Gracefully written and compellingly argued, this is one of the best books of the year and one of the best sports books ever written.

Pub Date: July 26, 2016

ISBN: 978-0-393-29277-0

Page Count: 528

Publisher: Norton

Review Posted Online: June 12, 2016

Kirkus Reviews Issue: July 1, 2016

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One of the NBA’s 50 greatest players scores another basket—a deeply personal one.

BACK FROM THE DEAD

A basketball legend reflects on his life in the game and a life lived in the “nightmare of endlessly repetitive and constant pain, agony, and guilt.”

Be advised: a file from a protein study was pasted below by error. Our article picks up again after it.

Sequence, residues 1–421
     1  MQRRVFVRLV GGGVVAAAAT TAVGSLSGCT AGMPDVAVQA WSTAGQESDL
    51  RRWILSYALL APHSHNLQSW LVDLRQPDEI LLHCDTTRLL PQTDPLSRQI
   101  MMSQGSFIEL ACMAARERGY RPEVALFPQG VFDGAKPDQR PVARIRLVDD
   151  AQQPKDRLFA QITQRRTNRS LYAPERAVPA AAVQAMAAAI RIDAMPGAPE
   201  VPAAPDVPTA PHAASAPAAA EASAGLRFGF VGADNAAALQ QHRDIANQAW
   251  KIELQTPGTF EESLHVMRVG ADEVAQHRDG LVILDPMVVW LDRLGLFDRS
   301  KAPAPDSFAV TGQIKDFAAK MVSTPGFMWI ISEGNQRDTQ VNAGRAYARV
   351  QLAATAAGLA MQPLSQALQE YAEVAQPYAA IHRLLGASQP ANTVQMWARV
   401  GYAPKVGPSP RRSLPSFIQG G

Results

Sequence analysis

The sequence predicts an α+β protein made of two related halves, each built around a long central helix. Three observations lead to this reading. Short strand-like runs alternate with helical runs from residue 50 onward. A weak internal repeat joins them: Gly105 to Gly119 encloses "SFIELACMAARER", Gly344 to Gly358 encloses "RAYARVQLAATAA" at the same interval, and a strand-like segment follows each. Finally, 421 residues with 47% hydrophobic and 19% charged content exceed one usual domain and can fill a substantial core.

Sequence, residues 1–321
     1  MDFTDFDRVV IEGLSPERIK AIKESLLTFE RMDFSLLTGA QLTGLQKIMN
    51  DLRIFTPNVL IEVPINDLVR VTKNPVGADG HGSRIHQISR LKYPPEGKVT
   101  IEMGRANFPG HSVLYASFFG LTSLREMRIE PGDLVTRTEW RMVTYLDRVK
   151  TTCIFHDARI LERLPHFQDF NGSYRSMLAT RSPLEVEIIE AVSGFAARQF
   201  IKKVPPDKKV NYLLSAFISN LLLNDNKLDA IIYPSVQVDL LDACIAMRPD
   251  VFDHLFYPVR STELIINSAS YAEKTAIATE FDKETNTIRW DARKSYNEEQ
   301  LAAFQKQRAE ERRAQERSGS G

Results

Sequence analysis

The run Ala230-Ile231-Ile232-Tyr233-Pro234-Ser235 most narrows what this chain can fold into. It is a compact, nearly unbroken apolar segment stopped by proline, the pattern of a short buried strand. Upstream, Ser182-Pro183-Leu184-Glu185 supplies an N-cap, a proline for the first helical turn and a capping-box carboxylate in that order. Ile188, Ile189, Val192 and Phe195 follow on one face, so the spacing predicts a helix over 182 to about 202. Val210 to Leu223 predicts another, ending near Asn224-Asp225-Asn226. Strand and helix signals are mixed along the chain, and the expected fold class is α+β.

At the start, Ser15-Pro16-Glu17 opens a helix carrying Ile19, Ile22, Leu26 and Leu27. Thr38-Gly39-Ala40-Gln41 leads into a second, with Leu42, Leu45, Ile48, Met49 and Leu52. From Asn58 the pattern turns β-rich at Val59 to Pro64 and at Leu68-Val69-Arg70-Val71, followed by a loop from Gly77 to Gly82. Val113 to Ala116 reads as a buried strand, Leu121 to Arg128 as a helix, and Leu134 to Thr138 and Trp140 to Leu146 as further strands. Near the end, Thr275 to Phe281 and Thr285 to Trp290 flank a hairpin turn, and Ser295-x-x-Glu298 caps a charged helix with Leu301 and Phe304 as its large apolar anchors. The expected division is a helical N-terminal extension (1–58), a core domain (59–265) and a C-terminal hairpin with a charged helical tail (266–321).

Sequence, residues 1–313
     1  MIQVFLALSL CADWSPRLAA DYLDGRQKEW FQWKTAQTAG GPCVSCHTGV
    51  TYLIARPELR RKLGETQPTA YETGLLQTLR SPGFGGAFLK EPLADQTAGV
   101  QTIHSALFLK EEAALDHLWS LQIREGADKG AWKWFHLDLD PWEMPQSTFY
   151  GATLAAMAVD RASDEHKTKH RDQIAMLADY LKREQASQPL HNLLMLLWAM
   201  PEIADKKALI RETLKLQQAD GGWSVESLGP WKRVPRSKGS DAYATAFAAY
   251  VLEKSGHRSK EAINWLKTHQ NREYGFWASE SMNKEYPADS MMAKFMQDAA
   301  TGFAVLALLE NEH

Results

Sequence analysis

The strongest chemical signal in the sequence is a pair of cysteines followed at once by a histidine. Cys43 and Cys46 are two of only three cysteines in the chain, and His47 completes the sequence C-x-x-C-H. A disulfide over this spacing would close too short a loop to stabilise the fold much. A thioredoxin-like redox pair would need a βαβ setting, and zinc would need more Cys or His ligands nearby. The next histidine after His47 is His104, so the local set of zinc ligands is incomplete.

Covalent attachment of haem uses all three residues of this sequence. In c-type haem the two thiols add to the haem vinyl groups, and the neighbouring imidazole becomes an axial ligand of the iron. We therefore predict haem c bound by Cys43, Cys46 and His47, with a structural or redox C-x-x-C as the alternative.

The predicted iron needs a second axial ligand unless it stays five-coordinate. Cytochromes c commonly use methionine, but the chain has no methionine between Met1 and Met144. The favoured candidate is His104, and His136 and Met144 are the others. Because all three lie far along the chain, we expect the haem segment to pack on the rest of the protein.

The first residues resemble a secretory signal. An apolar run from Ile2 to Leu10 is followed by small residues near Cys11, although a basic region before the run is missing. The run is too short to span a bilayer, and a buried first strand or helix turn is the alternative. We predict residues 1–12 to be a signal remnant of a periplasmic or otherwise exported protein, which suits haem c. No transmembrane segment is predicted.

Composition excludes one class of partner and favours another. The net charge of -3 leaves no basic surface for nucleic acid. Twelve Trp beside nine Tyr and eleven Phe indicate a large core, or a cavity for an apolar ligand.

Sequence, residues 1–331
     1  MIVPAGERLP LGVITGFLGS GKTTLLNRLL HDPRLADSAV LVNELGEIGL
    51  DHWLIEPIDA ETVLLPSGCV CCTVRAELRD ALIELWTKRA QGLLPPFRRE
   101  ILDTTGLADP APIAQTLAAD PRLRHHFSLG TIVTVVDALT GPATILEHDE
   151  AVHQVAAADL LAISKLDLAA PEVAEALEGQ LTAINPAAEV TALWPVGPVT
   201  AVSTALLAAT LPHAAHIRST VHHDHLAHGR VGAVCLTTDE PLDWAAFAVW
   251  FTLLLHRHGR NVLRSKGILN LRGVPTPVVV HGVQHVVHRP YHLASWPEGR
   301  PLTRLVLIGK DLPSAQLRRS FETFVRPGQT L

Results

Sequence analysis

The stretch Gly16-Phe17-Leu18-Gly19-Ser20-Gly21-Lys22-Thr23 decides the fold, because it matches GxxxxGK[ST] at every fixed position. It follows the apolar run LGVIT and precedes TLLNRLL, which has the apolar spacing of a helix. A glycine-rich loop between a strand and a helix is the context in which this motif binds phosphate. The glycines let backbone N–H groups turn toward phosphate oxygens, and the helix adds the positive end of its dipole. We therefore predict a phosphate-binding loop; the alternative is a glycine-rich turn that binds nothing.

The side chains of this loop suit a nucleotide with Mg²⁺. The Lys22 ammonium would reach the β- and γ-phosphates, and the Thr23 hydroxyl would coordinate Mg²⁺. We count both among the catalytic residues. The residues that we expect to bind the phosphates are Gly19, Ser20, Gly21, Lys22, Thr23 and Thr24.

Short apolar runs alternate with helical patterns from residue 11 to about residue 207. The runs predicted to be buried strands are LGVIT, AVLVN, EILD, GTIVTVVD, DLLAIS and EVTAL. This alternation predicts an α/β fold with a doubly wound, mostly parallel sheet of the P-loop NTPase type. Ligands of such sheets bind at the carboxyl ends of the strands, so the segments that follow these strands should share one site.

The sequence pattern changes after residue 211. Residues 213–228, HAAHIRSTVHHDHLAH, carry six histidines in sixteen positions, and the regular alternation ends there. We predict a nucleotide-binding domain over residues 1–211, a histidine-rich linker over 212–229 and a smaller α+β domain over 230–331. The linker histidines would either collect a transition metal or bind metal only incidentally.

Walton (Nothing but Net, 1994, etc.) begins this memoir on the floor—literally: “I have been living on the floor for most of the last two and a half years, unable to move.” In 2008, he suffered a catastrophic spinal collapse. “My spine will no longer hold me,” he writes. Thirty-seven orthopedic injuries, stemming from the fact that he had malformed feet, led to an endless string of stress fractures. As he notes, Walton is “the most injured athlete in the history of sports.” Over the years, he had ground his lower extremities “down to dust.” Walton’s memoir is two interwoven stories. The first is about his lifelong love of basketball, the second, his lifelong battle with injuries and pain. He had his first operation when he was 14, for a knee hurt in a basketball game. As he chronicles his distinguished career in the game, from high school to college to the NBA, he punctuates that story with a parallel one that chronicles at each juncture the injuries he suffered and overcame until he could no longer play, eventually turning to a successful broadcasting career (which helped his stuttering problem). Thanks to successful experimental spinal fusion surgery, he’s now pain-free. And then there’s the music he loves, especially the Grateful Dead’s; it accompanies both stories like a soundtrack playing off in the distance. Walton tends to get long-winded at times, but that won’t be news to anyone who watches his broadcasts, and those who have been afflicted with lifelong injuries will find the book uplifting and inspirational. Basketball fans will relish Walton’s acumen and insights into the game as well as his stories about players, coaches (especially John Wooden), and games, all told in Walton’s fervent, witty style.